In order to investigate the process of shear–induced crystallization we choose to employ a simple, minimal model of penetrable particles, namely the generalized exponential model (GEM). Within this model the purely repulsive pair interaction potential has an exponential form, with an exponent which can be adjusted to tune the strength of the repulsive force between particles. The continuous nature of the potential makes it particularly well suited for numerical studies. We consider the GEM model with an exponent of , described by the pair-potential

(1)

where and set the length and energy scales, respectively.

Ordering phenomena in GEM models, especially concerning quasi-crystalline order andy_quasi_crys_1 (); andy_quasi_crys_2 (), solidification andy_solidification (), generation of defects and disorder from quenching andy_quenching (), crystallisation under confinement at interfaces and in wedges Archer_GEM () have been recently addressed. An important feature of penetrable particle models, such as the GEM-8, is that at high densities they exhibit a so–called ‘cluster crystal’ phase. Cluster crystals differ from more familiar hard–sphere type crystals in that each density peak can contain, on average, more than one particle. While the multiple occupancy of a given lattice site costs a potential energy of order per particle pair, the resulting gain in entropy dominates to minimize the grand potential. This mechanism makes the study of crystallization in penetrable particle models more subtle than the case of simple hard spheres, for which only entropy plays a role. However, penetrabel particle systems have the significant benefit that simple mean field approaches can yield accurate results.

We consider a two-dimensional GEM-8 fluid system confined between a pair of parallel repulsive walls. We choose to work in two dimensions as this is the minimal situation in which crystallization can be studied and reduces the numerical demands of integrating the DDFT equations - three dimensional calculations would be very expensive. Moreover, the majority of the literature concerning the equilibrium GEM-8 model addresses the two-dimensional system.

Figure 1: The bulk spinodal line from mean-field theory for the GEM-8 model. The circle indicates the statepoint at which we perform our numerical calculations. On the left side of the line the system is a liquid and on the right it is in the crystal phase.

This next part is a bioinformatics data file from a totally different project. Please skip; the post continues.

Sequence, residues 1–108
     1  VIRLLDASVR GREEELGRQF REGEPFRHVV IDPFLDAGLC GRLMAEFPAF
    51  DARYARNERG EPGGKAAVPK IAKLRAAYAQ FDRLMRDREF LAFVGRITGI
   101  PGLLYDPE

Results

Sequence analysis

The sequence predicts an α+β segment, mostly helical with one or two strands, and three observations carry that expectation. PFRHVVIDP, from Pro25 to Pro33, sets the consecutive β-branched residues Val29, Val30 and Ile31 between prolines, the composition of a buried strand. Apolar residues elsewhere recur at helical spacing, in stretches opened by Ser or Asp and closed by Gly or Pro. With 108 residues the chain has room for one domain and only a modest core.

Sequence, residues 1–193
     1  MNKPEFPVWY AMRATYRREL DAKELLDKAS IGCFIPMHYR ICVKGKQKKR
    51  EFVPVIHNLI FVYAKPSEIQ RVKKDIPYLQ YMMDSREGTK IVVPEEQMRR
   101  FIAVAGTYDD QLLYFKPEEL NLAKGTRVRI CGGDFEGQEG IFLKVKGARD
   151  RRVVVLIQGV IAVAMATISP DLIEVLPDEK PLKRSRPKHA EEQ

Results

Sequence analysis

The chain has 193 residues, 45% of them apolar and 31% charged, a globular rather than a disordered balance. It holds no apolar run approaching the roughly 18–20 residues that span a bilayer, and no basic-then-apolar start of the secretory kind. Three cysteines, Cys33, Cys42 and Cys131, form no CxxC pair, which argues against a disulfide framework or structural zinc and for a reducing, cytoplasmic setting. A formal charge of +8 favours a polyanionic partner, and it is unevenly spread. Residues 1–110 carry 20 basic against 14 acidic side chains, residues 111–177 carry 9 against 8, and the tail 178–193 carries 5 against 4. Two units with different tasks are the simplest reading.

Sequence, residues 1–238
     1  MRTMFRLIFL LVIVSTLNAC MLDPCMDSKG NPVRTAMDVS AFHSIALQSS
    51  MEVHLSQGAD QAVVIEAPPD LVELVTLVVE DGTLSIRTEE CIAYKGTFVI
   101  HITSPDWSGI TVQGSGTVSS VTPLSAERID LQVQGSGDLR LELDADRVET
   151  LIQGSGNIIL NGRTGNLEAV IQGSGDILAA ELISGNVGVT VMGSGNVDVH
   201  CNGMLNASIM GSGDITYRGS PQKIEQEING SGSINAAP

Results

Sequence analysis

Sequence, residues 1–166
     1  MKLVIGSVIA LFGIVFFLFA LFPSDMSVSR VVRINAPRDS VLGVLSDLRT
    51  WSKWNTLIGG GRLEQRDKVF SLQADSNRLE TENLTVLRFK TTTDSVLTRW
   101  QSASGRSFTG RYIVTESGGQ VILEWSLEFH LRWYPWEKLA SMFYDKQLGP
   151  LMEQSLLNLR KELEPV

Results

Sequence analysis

The suspension is confined to a channel by the following external potential field

(2)

where is the distance between the walls. In a dynamical calculation the infinitely repulsive walls described by (2) are equivalent to imposing a no-flux boundary condition. We choose the shear deformation such that the velocity field takes a Poiseuille form, with stick boundary conditions. The velocity field is given by

(3)

where is the maximal velocity (which occurs in the center of the channel).

Iii Theory

The dynamical density functional theory (DDFT) provides a convenient approximate method to study the dynamical response of the particle number density, , to external force fields. The original formulation of DDFT, which can be derived from either the Langevin marconi_tarazona_1 (); marconi_tarazona_2 () or Smoluchowski (archer_evans, ) descriptions, considered time–dependent external potential fields. Generalization to treat external flow fields (e.g. shear) was first made by Rauscher et al. by incorporating an additional term representing the affine solvent flow field rauscher (). However, it subsequently became apparent that this simple approach ignores important non–affine particle motion, which renders the approach incapable of describing interaction–induced currents orthogonal to the affine flow. As a consequence, the DDFT of Ref. rauscher () cannot capture the physics of laning, particle migration or other phenomena arising from a coupling between flow and interparticle interactions.

These shortcomings were addressed by Krüger, Brader and Scacchi in Refs. KB1 (); KB2 (); SKB (), who reintroduced the missing non-affine motion into DDFT using a dynamical mean–field approximation. In it’s most recent form the DDFT equation is given by

(4)

where is the solvent velocity field, is the mobility and is the Helmholtz free energy containing details of the interparticle interactions and the external potential field.

The Helmholtz free energy can be split into ideal, excess and external field contributions

(5)

The ideal gas part is known exactly and is given by

(6)

where we have set the thermal wavelength equal to unity. For the GEM-8 model presently under consideration the excess part can be well described by the mean–field functional

(7)

The central approximation made here is that the two body density can be written in factorized form, i.e. . Despite the simplicity of this approximation, it has recently been pointed out that it performs better than one would expect chacko ().

The velocity field can be decomposed into an affine term and a fluctuation term, according to

(8)